This year would have been Keith Whitley’s 66th birthday. Sadly, he died in 1989 from alcohol intoxication after a short life that began on July 1st, 1955, in Ashland, Kentucky. He was a young man of 33. Even so, the work he has produced in the short time he has been an artist continues to influence and inspire others. In 2019, the Country Music Hall of Fame and Museum unveiled an exhibit honouring the artist, and it’s safe to assume that he’ll be considered for future inclusion.
He made multiple appearances on the Grand Ole Opry during the beginning of Whitley’s career as an artist with RCA Recordings as his hit records, such as “When You Say Nothing at All, “I’m No Stranger to the Rain,” and “Don’t Close Your Eyes,” the No. 1 country single in 1988, rose to the charts. Whitley had no idea, at the time of his death, that he was three weeks away from being invited to join the Grand Ole Opry as an official member (just as his wife and RCA labelmate Lorrie Morgan had been since 1984).
When he appeared on the Grand Ole Opry for the last time, country music star Blake Whitley sang two songs off his Don’t Close Your Eyes LP in one of his final guest slots. “I Never Go Around Mirrors,” a Lefty Frizzell weeper, is followed by the now-classic title track, which he plays, prefacing it by mentioning that it will be released as a single soon.
Ferguson, editor of The Elliott County News and husband Elmer Whitley were from Ashland, Kentucky, although Faye was raised in Sandy Hook, where she graduated from Sandy Hook High School. Whitley was born in Ashland. Randy and Dwight were his brothers, and Mary was his sister. Elliott County has been home to the Whitleys, an English and Scots-Irish family since the 1840s.
When Whitley was an adolescent in Sandy Hook, he and his buddies would drink illegal bourbon and race their automobiles down mountain roads at dangerous speeds while hanging out with their mates.
Whitley was in a car that attempted to round a curve at 120 miles per hour (190 kilometres per hour). The automobile slammed into a tree, killing Whitley’s friend and nearly injuring him. During another instance, his car plunged 120 feet (37 metres) into an icy river and he was able to escape with a broken collar bone.
Whitley’s brother Randy and father Elmer was killed in a motorbike accident in October 1983.
Cause of Death
Lane Palmer, Whitley’s brother-in-law, visited him on May 9, 1989, less than two months before Whitley’s 35th birthday. Whitley and Lorrie Morgan met for coffee and discussed their plans for the rest of the day, which included a round of golf and lunch before Whitley began creating songs for him to record with Lorrie Morgan when she returned from her concert tour. At around 8:30 a.m., Palmer left and asked Whitley to be ready to go within an hour of his departure. When Palmer returned to Whitley’s room, he found him unresponsive and dialled 911. After Whitley’s death, he was brought to the hospital where he died.
Acute ethanol was listed as the official cause of death (alcohol poisoning).
 According to the Davidson County Medical Examiner, Whitley’s blood alcohol content was 0.47. (the equivalent of 20 one-ounce shots of 100-proof whiskey). According to his birth certificate and passport, he was born in 1954, however, RCA and his gravestone incorrectly said that he was born in 1955.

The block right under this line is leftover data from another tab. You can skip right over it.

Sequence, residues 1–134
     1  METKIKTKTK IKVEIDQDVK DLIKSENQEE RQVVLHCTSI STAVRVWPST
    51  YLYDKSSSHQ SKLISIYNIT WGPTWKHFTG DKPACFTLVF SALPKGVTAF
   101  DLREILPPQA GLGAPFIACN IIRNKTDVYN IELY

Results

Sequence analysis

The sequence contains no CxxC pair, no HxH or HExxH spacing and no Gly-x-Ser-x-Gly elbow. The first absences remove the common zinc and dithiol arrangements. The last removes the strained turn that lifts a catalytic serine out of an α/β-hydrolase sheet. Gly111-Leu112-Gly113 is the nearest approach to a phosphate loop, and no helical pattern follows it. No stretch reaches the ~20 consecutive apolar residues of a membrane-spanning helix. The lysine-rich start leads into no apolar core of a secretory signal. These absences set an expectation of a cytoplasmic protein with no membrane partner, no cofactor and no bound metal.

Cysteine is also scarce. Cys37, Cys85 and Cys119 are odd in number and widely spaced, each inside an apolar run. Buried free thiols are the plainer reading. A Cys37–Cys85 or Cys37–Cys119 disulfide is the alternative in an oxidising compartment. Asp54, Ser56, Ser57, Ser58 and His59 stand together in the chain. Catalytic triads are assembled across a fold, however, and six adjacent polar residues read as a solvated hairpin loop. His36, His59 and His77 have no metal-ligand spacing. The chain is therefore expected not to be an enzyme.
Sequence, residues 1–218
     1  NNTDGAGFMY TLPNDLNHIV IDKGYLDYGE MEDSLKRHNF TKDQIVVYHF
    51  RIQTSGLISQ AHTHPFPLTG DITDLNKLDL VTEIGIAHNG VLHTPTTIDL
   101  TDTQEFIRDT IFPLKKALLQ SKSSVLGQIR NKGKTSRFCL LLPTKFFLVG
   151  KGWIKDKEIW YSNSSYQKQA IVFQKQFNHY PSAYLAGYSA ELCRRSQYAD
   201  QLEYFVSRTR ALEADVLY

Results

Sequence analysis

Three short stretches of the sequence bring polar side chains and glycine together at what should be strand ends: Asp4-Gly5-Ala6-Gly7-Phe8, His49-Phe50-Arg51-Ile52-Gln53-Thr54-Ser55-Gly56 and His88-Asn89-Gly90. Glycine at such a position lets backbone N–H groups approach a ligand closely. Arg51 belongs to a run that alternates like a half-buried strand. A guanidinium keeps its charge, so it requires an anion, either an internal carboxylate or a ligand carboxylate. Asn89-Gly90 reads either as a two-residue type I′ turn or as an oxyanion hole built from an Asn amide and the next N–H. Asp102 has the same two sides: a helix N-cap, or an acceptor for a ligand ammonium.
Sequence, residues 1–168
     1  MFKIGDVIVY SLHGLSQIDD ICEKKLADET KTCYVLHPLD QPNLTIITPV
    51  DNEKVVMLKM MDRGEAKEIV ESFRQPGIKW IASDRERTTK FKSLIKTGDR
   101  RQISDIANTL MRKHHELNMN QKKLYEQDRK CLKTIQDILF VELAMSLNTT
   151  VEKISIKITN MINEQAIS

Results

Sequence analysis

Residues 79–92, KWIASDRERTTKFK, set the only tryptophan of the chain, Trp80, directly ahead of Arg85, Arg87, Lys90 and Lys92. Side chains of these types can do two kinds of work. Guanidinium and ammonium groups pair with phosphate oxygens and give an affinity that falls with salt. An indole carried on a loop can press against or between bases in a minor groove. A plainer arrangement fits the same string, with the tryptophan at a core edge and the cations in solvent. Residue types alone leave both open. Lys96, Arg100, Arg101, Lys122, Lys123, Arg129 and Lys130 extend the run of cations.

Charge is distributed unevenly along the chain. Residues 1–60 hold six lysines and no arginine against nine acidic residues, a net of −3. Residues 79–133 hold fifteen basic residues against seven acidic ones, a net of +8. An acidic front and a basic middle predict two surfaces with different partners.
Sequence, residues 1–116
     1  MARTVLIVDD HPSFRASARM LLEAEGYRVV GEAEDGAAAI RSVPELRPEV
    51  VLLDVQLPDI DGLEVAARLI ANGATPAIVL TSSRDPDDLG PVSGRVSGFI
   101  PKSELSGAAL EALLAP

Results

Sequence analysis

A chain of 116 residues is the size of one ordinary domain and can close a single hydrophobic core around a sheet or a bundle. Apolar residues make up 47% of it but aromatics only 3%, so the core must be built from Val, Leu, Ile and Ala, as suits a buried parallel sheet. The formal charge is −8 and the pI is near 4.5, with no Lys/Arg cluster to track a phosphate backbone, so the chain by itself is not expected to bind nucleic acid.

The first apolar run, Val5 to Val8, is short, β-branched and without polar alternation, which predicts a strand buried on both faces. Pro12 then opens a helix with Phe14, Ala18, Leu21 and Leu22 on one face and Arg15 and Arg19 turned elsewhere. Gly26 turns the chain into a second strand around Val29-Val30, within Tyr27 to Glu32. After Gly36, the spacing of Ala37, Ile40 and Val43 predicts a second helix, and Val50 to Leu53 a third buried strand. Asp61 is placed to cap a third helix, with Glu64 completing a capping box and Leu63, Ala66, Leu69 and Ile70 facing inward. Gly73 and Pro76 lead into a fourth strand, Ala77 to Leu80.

The day after Whitley’s death, the streets of Music Row were decked with black ribbons. Located just outside of Nashville, in Spring Hill Cemetery, lies his mortal remains. (Part One) “Forever yours faithfully” (Part One) “His being was my purpose” (Part One) (part two). Both Whitley and Morgan have a future burial location just next to each other, which is why “yours” in part one refers to Whitley and “mine” in part two.
A Successful Career in The Music Industry
Neotraditional Country Singers Like George Strait and Randy Travis Have Made Whitley’s Music Famous.
At a Competition in Ezel, Kentucky, He Was Joined by His Brother Dwight, Who Was Playing a Five-String Banjo at The Time. Also, Competing Was Ricky Skaggs. Skaggs and Whitley Struck up A Friendship Almost Immediately.
A Flat Tyre Caused Ralph Stanley, Who Was 45 Minutes Late for A Concert in Ft. Gay, West Virginia, to Stumble upon Whitley, 16, and Skaggs, 16.
Citations Are Needed It Was Stanley Who First Saw the Jukebox Playing What He Took to Be the Stanley Brothers. the Duo Who “sounded Just Like Me and Carter in The Early Days” Were Whitley and Skaggs. According to The Citations Cited Above, Ralph Invited the Two to Join His Band. in 1974, Whitley Took Over as Stanley’s Lead Singer. the Citation for This Statement Is Not Available.
for A While in The Mid-1970s, Whitley Was Also a Member of J.D. Crowe and The New South. One of The Most Diverse and Accomplished Lead Singers in Bluegrass Emerged During This Period. He Was Highly Influenced by Carter Stanley and Lefty Frizzell in His Singing. when He Relocated to Nashville in 1983 in Order to Pursue a Career in Country Music, RCA Records Quickly Offered Him a Recording Contract.
This Is Whitley’s Debut Solo Album and It Features a More Popular Country Flavour. Whitley Put Forth a Lot of Time and Effort Trying to Develop His Own Sound, but The Results Were Mixed. the Album Was Panned by Critics for Being Too Unpredictable. L.A. to Miami, Whitley’s Third Studio Album, Was Recorded Over the Course of The Next Few Years as He Refined His Sound.